As an anthropology major at California State University, Dominguez Hills, Juan Ramirez has learned the value of understanding beliefs that in one culture may be the norm but to another may seem strange. However, through his internship with the U.S. Fish and Wildlife Service as a wildlife inspector trainee who patrols the Los Angeles and Long Beach ports, he has had to acknowledge when the law is broken by the trade of products made with endangered animals – products that are often based on cultural superstition or practice.
“When I started as a criminal justice student, it was black and white,” he says. “The law dictates what’s wrong. Then when I got into anthropology, I realized there were cultural practices associated with certain wildlife products. We have to take custody of these products because they are in violation. But as far as using discretion, I have a better understanding of why certain wildlife products are being imported.”
In a warehouse at the agency’s Torrance facility, Ramirez picks up a silver-embellished box made from what appears to be a primate skull, an object he says is usually imported from Southeast Asia.
“These are made from a species of macaque,” he says. “This is for decorative purposes, and it might have some kind of cultural meaning. That’s one of the interesting things for me, finding a chance to connect it with people and not always judging from my first impression.”
Another area where cultural beliefs can raise ethical questions about protected species is the monitoring of alterative medicines from Asia. Ramirez indicates a vial of dried bear gall bladder from China.
“It has a lot of medicinal properties, so people put it in drinks or use it in [heat] patches,” he says. “It is said to cure anything from arthritis to a headache, to just pain in general. It promotes longevity. It’s an acid from the gall bladder, in crystallized form. Often foreign imported medicines are mislabeled, but in this circumstance the vial is labeled to contain bear.”
Ramirez says that he has picked up some comprehension of Chinese from having to recognize the characters that label medicinal ingredients—some of which are not illegal animal products.
“It’s getting a little harder because a lot of the stuff is mislabeled,” he says. “One of the things I’ve picked up from studying Mandarin is the characters for ‘artificial.’”
Ramirez displays other items, including ocelot coats, ground tiger bone, beads made from pulverized reef coral, sea turtle boots, sport hunting animal trophies, and beluga caviar. He says that while some trade in exotic animal products is sanctioned, the laws vary depending on how a species is regulated.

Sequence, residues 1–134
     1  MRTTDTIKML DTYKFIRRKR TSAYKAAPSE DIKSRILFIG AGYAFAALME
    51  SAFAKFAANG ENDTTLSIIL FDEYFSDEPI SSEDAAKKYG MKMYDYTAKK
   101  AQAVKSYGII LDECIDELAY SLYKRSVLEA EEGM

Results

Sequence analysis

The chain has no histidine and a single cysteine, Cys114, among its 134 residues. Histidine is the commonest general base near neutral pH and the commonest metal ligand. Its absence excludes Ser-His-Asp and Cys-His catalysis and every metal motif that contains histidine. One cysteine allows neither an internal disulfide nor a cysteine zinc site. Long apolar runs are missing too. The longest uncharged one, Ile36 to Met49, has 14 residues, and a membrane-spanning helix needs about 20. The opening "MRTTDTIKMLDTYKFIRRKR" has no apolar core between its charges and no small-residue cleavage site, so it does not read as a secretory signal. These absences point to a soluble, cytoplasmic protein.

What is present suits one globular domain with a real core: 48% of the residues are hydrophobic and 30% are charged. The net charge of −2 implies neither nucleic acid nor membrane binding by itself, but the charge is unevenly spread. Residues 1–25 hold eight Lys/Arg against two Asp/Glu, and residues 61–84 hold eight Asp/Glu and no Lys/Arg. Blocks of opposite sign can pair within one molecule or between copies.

“Most of these animals are endangered and or highly protected,” Ramirez notes. “But more importantly they have been poached. These are all coming from the wild, so it’s impacting wildlife populations.
“There are, of course, legal ways for business to occur with special permits because the protection status [on some animals] allows for legal trade,” he says. “Certain commercial practices are allowed. But it has to be all done correctly. The reason special permits are used is to control illegal trade.”
Ramirez, a graduate of Redondo Union High School, attended Cypress College to play soccer before transferring to CSU Dominguez Hills in his junior year. While exploring a possible career in the California Department of Fish and Game, he spoke to Marie Palladini, his public administration professor, who retired from the U.S. Fish and Wildlife Service in the Torrance offices as a resident-agent-in-charge. She suggested that he look into the agency’s internship through the Student Career Experience Program (SCEP) administered through USAJOBS. A paid participant in the SCEP program, Ramirez says that he hopes to be hired on as a permanent wildlife inspector after graduating this fall.
“It’s a great way for college students to be able to determine if they can handle the job,” he says of his experience. “And it’s a great way for government or state agencies to recruit students.”
After several years of gaining more experience as a wildlife inspector, Ramirez hopes to work his way up to becoming a special agent.
“We regulate everything from terrestrial [wildlife] to the sea,” he says, holding a piece of baleen from a whale belonging to the suborder Mysticeti. “The knowledge that some of these inspectors have who have been on [the job] for 30 or more years is incredible.”
Ramirez values having been taught by practitioners like Palladini, Gus Martin, a lawyer and expert on terrorism, and Brent Becker, a sheriff in Orange County. He says however that the ability to experience a “real world” working situation while still a student is invaluable.
“Being a great student helps transition you to being a productive employee,” he says. “When you come to a job like this, you have to be able to deal with people, be able to use a lot of discretion, and make judgment calls on the fly.
“You take the tools you can from school and apply them, but what’s most important is your work ethic,” Ramirez says. “Other students that have done internships with me ask, ‘Aren’t you afraid you’re going to make the wrong call?’ Sometimes I do, but I turn it into a learning experience.”